When the 75-year-old George Chann held his solo exhibition, which proved to be his last, at a Los Angeles gallery in 1988, the local newspaper called him "a forgotten artist."
Indeed, Chann, the proprietor of Farmer's Market Art Gallery, who toiled a full eight hours every day at the easel in the back room of his shop for 40 years, hardly sold any work during his lifetime.
It was only after the Chinese ex-pat died in 1995 that his paintings slowly gained appreciation in the academic field and on the art market both here and abroad.
After Chann's first posthumous exhibition, in Taipei in 2000, the life of the recluse began to unfold and his name started getting mentioned alongside those 20th century Chinese artists who were recognized much earlier, such as Sanyu (
In Chann's current exhibition, simply titled, "George Chann, Solo Exhibition" (
These Chinese calligraphy-incorporated abstract expressionist paintings are what Chann is most remembered for.
Chann started working in an abstract expressionist vein in the 1950s, when the school had become the mainstream of American modern art.
Although Chann once admitted in an interview to his admiration for abstract expressionist pioneers such as Mark Tobey and Jackson Pollock, he also realized that he had to explore different subjects and material if he was to develop his own style.
Chann did not have to look that far for inspiration, since his own art gallery -- not simply a display room for his own works, but a jewelry and Chinese artifacts shop -- had ample supply of calligraphy prints and rubbings taken from oracle bones, bronze vessels and steles.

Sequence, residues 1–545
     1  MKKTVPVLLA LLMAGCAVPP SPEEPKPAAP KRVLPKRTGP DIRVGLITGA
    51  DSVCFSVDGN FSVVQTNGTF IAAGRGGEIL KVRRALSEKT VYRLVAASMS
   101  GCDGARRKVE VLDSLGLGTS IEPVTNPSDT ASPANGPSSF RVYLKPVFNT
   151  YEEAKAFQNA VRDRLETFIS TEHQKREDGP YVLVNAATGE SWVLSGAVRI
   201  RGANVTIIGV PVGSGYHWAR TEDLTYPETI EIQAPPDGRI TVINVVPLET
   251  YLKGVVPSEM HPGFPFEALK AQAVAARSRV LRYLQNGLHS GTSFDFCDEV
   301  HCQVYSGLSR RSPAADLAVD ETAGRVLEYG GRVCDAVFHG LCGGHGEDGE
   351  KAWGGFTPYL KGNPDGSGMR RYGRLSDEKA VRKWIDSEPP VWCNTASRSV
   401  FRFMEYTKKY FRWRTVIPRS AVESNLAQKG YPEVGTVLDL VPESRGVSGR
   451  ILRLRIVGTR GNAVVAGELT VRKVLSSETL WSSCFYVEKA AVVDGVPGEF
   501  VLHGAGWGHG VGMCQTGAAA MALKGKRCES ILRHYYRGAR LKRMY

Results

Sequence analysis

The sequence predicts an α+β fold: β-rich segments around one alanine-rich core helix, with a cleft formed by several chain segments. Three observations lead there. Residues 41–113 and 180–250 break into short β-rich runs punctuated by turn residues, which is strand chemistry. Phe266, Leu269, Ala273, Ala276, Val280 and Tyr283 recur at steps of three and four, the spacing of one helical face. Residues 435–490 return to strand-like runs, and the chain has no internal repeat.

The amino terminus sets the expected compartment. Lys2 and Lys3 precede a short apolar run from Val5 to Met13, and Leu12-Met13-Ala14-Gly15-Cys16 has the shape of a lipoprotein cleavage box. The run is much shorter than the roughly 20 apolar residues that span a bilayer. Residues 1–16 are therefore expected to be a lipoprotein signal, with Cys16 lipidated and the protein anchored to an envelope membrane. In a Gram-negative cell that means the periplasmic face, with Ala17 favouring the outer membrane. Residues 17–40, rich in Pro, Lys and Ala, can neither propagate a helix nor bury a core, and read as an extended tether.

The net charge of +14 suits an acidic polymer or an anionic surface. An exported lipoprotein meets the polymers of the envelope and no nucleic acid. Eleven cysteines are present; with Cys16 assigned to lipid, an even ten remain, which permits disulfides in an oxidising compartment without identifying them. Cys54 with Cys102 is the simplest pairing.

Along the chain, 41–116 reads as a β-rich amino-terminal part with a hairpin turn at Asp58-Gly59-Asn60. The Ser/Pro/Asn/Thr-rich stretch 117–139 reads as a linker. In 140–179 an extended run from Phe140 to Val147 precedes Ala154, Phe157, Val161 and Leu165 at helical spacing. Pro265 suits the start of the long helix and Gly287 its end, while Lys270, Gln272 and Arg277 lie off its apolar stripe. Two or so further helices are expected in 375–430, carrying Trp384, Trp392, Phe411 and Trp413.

According to art critic Wang Chia-chi's (
In many works, Chann made collages using these rearranged scripts on canvas. It was on these collages that the painter applied oil colors or, in some cases, wrote more calligraphy.
As if to create historical relics, Chann integrated fine sands on the painted surface to subtly imitate the time-worn veneer of artifacts.
These procedures resulted in some enchanting aspects to Chann's works.
While viewing an entire painting is enchanting, a closer look at the delicate traces of paint and the half-hidden elusive scripts, is as delightful as perusing a finely incised and naturally corroded Shang vessel. And in fact, the kind of azurite often found in the patina of Shang bronze is often an underlying color in Chann's paintings.
At the age of 12, Chann emigrated with his father from China's Guangdong province to California and was enrolled at the Otis Art Institute in Los Angles eight years later in 1934.
With a solid training in Impressionist techniques, Chann was an enthusiastic painter of the poverty of the blacks, Chinese and Mexicans, especially of the aged and orphaned among them.
Before Chann set up his art shop, he had good connections with several Los Angles dealers, and these works of social realism were frequently exhibited in his early years.
A less well-known line of painting Chann worked on involved scenes from the Bible. A Christian all his life, he donated 250 works to the Crystal Cathedral, near Los Angles, where they are now on permanent display.